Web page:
Dr. Langer on the Current State of Immunotherapy in Advanced NSCLC

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Corey J. Langer, MD, director, Thoracic Oncology, Abramson Cancer Center, professor of medicine, Perelman School of Medicine, University of Pennsylvania, discusses the current state of immunotherapy in advanced non–small cell lung cancer.

Corey J. Langer, MD, director, Thoracic Oncology, Abramson Cancer Center, professor of medicine, Perelman School of Medicine, University of Pennsylvania, discusses the current state of immunotherapy in advanced non—small cell lung cancer (NSCLC).

Immunotherapy has had a significant impact on patients with advanced NSCLC, but the benefit has not been quite as striking as the targeted therapies in patients with oncogene-driven disease, Langer says. With targeted therapy, the presence of a mutation indicates whether patients will have a response or not. Although high PD-L1 expression means there is a higher likelihood of response to PD-1/PD-L1 inhibitors, it does not guarantee a response.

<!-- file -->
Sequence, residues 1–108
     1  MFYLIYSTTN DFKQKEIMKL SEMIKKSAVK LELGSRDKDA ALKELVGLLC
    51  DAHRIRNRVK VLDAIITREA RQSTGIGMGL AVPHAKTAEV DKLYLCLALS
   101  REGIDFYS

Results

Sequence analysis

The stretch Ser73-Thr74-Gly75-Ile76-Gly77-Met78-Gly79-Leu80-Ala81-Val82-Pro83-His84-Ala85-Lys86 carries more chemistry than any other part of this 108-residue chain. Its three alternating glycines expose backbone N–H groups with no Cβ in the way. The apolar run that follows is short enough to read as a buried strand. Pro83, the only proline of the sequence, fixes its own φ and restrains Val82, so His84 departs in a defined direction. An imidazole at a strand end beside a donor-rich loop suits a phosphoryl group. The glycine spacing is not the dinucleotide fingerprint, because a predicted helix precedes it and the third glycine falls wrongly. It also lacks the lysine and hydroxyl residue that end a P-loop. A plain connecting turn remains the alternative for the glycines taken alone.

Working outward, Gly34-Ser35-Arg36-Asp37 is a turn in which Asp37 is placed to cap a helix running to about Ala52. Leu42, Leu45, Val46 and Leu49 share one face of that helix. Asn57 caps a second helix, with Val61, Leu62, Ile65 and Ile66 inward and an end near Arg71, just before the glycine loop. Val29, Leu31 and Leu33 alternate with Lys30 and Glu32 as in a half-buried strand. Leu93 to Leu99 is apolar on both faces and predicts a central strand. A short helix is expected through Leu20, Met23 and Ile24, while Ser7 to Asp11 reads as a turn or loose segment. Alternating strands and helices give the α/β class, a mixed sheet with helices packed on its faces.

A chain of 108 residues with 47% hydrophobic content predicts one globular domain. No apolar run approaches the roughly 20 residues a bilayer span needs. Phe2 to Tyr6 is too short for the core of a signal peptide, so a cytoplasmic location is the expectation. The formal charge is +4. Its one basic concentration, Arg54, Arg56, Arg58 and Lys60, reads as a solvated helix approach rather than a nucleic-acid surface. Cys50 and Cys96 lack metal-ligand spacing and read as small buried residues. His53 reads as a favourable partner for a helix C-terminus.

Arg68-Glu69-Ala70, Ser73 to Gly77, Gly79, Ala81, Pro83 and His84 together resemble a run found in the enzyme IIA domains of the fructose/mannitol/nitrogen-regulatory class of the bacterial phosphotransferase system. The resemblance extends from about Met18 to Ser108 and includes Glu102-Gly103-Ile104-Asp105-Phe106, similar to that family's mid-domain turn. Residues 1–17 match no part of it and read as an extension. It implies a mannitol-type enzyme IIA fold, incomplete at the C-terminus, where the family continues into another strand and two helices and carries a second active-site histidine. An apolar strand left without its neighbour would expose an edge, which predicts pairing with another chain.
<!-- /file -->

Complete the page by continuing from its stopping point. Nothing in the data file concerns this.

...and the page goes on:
Even in the PD-L1—high group, response rates to single-agent pembrolizumab (Keytruda) are at best 45% to 50%, whereas targeted therapies are inducing 70% response rates. Still, data from the phase III KEYNOTE-024 and KEYNOTE-042 trials have shown a clear survival advantage with pembrolizumab monotherapy over standard chemotherapy. The big question moving forward is if chemoimmunotherapy can improve survival compared with single-agent immunotherapy. Notably, an immunohistochemistry test is all that’s needed to detect PD-L1 status—next-generation sequencing is not needed, says Langer.

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